author = "{EGG Consortium} and Warrington, {Nicole M.} and Beaumont, {Robin N.} and Momoko Horikoshi and Day, {Felix R.} and {\O}yvind Helgeland and Charles Laurin and Jonas Bacelis and Shouneng Peng and Ke Hao and Bjarke Feenstra and Wood, {Andrew R.} and Anubha Mahajan and Jessica Tyrrell and Robertson, {Neil R.} and Rayner, {N. William} and Zhen Qiao and Moen, {Gunn Helen} and Marc Vaudel and Marsit, {Carmen J.} and Jia Chen and Michael Nodzenski and Schnurr, {Theresia M.} and Zafarmand, {Mohammad H.} and Bradfield, {Jonathan P.} and Niels Grarup and Kooijman, {Marjolein N.} and Ruifang Li-Gao and Frank Geller and Ahluwalia, {Tarunveer S.} and Lavinia Paternoster and Rico Rueedi and Ville Huikari and Hottenga, {Jouke Jan} and Lyytik{\"a}inen, {Leo Pekka} and Alana Cavadino and Sarah Metrustry and Cousminer, {Diana L.} and Ying Wu and Elisabeth Thiering and Wang, {Carol A.} and Have, {Christian T.} and Natalia Vilor-Tejedor and Joshi, {Peter K.} and Painter, {Jodie N.} and Ioanna Ntalla and Ronny Myhre and Niina Pitk{\"a}nen and {van Leeuwen}, {Elisabeth M.} and Raimo Joro and Elina Hypponen",
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Maternal and fetal genetic effects on birth weight and their relevance to cardio-metabolic risk factors. / EGG Consortium.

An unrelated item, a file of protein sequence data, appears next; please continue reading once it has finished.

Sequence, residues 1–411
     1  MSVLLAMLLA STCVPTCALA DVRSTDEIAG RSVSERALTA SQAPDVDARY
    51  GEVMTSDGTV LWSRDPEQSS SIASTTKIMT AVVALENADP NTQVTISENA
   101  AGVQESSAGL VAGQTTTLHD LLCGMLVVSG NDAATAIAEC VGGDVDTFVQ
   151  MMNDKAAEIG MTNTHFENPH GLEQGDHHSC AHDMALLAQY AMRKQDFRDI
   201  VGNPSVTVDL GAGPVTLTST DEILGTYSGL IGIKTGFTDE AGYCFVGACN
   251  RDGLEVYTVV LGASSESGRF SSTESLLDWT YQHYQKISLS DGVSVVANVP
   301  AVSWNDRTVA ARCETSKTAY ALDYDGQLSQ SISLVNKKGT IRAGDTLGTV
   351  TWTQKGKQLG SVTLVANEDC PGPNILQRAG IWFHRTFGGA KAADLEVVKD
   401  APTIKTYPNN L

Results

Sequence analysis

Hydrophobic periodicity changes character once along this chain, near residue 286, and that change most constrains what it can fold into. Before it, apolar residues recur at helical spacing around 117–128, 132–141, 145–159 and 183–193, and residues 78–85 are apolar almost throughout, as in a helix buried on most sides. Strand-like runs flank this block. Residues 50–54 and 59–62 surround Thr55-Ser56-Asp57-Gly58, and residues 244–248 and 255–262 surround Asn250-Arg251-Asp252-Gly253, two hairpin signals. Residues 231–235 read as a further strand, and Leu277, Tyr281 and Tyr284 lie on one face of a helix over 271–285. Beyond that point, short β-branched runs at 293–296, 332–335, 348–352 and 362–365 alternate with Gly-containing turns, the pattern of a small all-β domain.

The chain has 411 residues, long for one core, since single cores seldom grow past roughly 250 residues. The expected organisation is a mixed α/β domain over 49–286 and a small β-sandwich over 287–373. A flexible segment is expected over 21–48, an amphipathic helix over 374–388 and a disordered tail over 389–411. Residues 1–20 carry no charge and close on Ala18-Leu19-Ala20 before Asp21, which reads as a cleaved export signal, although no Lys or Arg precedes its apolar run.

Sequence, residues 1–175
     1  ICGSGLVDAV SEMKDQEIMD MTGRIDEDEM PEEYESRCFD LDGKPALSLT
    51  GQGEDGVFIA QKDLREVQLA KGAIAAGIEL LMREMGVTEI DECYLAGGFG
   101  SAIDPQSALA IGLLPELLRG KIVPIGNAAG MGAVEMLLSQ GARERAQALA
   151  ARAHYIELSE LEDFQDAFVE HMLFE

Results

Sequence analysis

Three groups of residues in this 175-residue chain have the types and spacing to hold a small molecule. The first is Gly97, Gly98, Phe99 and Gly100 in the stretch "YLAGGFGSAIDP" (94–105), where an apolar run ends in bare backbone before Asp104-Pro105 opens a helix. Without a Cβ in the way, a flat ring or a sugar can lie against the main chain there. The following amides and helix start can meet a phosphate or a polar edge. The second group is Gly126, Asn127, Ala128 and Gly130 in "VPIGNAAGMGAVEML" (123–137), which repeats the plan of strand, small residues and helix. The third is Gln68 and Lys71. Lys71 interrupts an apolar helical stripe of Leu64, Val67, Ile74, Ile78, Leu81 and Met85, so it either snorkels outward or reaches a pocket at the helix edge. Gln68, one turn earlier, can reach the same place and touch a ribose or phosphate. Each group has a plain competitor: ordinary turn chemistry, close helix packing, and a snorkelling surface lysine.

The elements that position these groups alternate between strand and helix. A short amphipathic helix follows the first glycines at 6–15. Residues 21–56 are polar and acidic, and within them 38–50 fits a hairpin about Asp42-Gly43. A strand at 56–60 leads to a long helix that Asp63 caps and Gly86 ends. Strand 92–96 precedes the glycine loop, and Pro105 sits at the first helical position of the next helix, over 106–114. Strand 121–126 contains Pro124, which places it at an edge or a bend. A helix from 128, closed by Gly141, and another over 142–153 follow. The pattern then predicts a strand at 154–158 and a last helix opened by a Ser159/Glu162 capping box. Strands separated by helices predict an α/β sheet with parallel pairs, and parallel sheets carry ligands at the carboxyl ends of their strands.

In: Nature Genetics, Vol. 51, No. 5, 01.05.2019, p. 804-814.

Research output: Contribution to journalArticle

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AU - Warrington, Nicole M.

AU - Beaumont, Robin N.

AU - Horikoshi, Momoko

AU - Day, Felix R.

AU - Helgeland, Øyvind

AU - Laurin, Charles

AU - Bacelis, Jonas

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AU - Hao, Ke

AU - Feenstra, Bjarke

AU - Wood, Andrew R.

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AU - Robertson, Neil R.

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AU - Qiao, Zhen

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AU - Vaudel, Marc

AU - Marsit, Carmen J.

AU - Chen, Jia

AU - Nodzenski, Michael

AU - Schnurr, Theresia M.

AU - Zafarmand, Mohammad H.

AU - Bradfield, Jonathan P.

AU - Grarup, Niels

AU - Kooijman, Marjolein N.

AU - Li-Gao, Ruifang

AU - Geller, Frank

AU - Ahluwalia, Tarunveer S.

AU - Paternoster, Lavinia

AU - Rueedi, Rico

AU - Huikari, Ville

AU - Hottenga, Jouke Jan

AU - Lyytikäinen, Leo Pekka

AU - Cavadino, Alana

AU - Metrustry, Sarah

AU - Cousminer, Diana L.

AU - Wu, Ying

AU - Thiering, Elisabeth

AU - Wang, Carol A.

AU - Have, Christian T.

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AU - Painter, Jodie N.

AU - Ntalla, Ioanna

AU - Myhre, Ronny

AU - Pitkänen, Niina